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Stop Quoting Bad Divorce Stats

By June 18, 2014March 29th, 2022Christian Living8 min read

We’ve all heard that 50% of marriages fail today and that the statistics for Christians are the same as that of the rest of the population. Those statistics are wrong and they have a discouraging effect on people considering marriage.

Young people today are asking this very important question: With all of the negative statistics on divorce and marriage, why get married? In fact, many are giving up on marriage. More and more couples are choosing to live together instead of tying the knot. Wait! It’s time to revisit the statistics because they are simply wrong.

Why get married anyway?

But first let’s answer the question, “Why get married instead of living together?” The answer isn’t based on statistics. We get married because that’s what God desires and teaches in his Word. Period. We don’t use statistics to drive our decision-making. In fact, we would expect the world to have a different philosophy and find ways to justify it. As Christians, we don’t determine what’s right based on what’s working or what the latest poll reveals. We choose to obey God in spite of current trends or opinions.

Sometimes, however, we, as pastors, share statistics from the pulpit as illustrations, and it’s important to have our facts straight. The negative statistics are often used to light a fire under Christians to live according to God’s standard. Unfortunately, they often have the reverse affect causing people to feel discouraged because you would like to think that living a Christian life would produce better results. If it doesn’t, then that’s disheartening. But wait! The correct statistics do point to a greater chance of success when you live for the Lord. Hopefully this article will give you a greater understanding of how faulty statistics about the divorce rate came about and what the true numbers look like. It’s actually more encouraging than is commonly reported. Then we can use the statistics as illustrations of hope instead of despair.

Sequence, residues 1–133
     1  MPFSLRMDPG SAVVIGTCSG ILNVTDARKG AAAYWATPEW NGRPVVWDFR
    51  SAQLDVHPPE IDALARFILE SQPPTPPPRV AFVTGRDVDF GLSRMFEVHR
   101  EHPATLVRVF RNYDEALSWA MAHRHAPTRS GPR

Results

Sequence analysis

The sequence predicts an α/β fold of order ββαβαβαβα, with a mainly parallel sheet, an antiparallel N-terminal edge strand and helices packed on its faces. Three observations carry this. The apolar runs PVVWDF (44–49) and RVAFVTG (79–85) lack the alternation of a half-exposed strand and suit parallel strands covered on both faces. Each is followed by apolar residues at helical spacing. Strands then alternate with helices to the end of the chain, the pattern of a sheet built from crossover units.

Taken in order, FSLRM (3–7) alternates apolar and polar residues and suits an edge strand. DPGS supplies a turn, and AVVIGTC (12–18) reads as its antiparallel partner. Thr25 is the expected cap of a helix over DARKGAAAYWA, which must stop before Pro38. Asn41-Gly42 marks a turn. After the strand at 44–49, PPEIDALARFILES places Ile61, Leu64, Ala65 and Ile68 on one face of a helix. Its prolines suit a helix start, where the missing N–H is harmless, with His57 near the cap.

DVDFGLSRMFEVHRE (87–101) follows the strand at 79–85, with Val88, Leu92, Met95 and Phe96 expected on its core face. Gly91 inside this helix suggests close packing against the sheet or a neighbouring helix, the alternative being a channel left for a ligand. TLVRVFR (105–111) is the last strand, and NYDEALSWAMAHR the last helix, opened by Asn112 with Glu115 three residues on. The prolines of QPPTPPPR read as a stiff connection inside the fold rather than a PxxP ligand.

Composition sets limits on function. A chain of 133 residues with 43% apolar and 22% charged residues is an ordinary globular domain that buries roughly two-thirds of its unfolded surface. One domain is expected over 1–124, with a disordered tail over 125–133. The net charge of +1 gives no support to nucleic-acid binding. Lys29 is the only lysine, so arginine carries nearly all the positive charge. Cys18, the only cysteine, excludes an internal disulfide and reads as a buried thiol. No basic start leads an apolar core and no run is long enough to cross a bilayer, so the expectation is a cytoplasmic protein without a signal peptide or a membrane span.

A new book came out last month by Shaunti Feldhahn called The Good News About Marriage revealing that the commonly reported statistics on divorce and marriage are wrong. So where do those numbers come from and why are they inaccurate?

First, there’s no official report on divorce statistics. The numbers of marriages versus divorces are often complicated by the fact that some marriages end in the death of a spouse, and some people get divorced multiple times. But here’s a helpful statistic that you can quote: The Census Bureau’s 2009 Survey of Income and Program Participation reports that 72% of people who have ever been married are still married to their first spouse. Wow! That’s much different than the 50% divorce rate often mentioned. Again, that doesn’t take into account those who have lost their spouse by death. So the number of marriages that actually failed by divorce in the general population is much less than 28%. And that statistic has been constant over the last 30 years as reported in Census surveys.

But I thought the 50% divorce rate was common knowledge

So where does the 50% number come from? A common practice is to compare the number of marriages in town to the number of divorces in that same town. Many times that number is about two marriages for every one divorce. Some have implied from those numbers that 50% of marriages fail. But wait, that’s not even logical. If you have 100 marriages in your church and in one year you marry 20 people and 10 get divorced, does that mean that the percentage of your church’s successful marriages is 50%? No. Because you don’t take into account all of the marriage that are still continuing. That line of reasoning doesn’t take into account multiple divorces by one person, death of spouses, and the number of people who could have gotten a divorce but didn’t.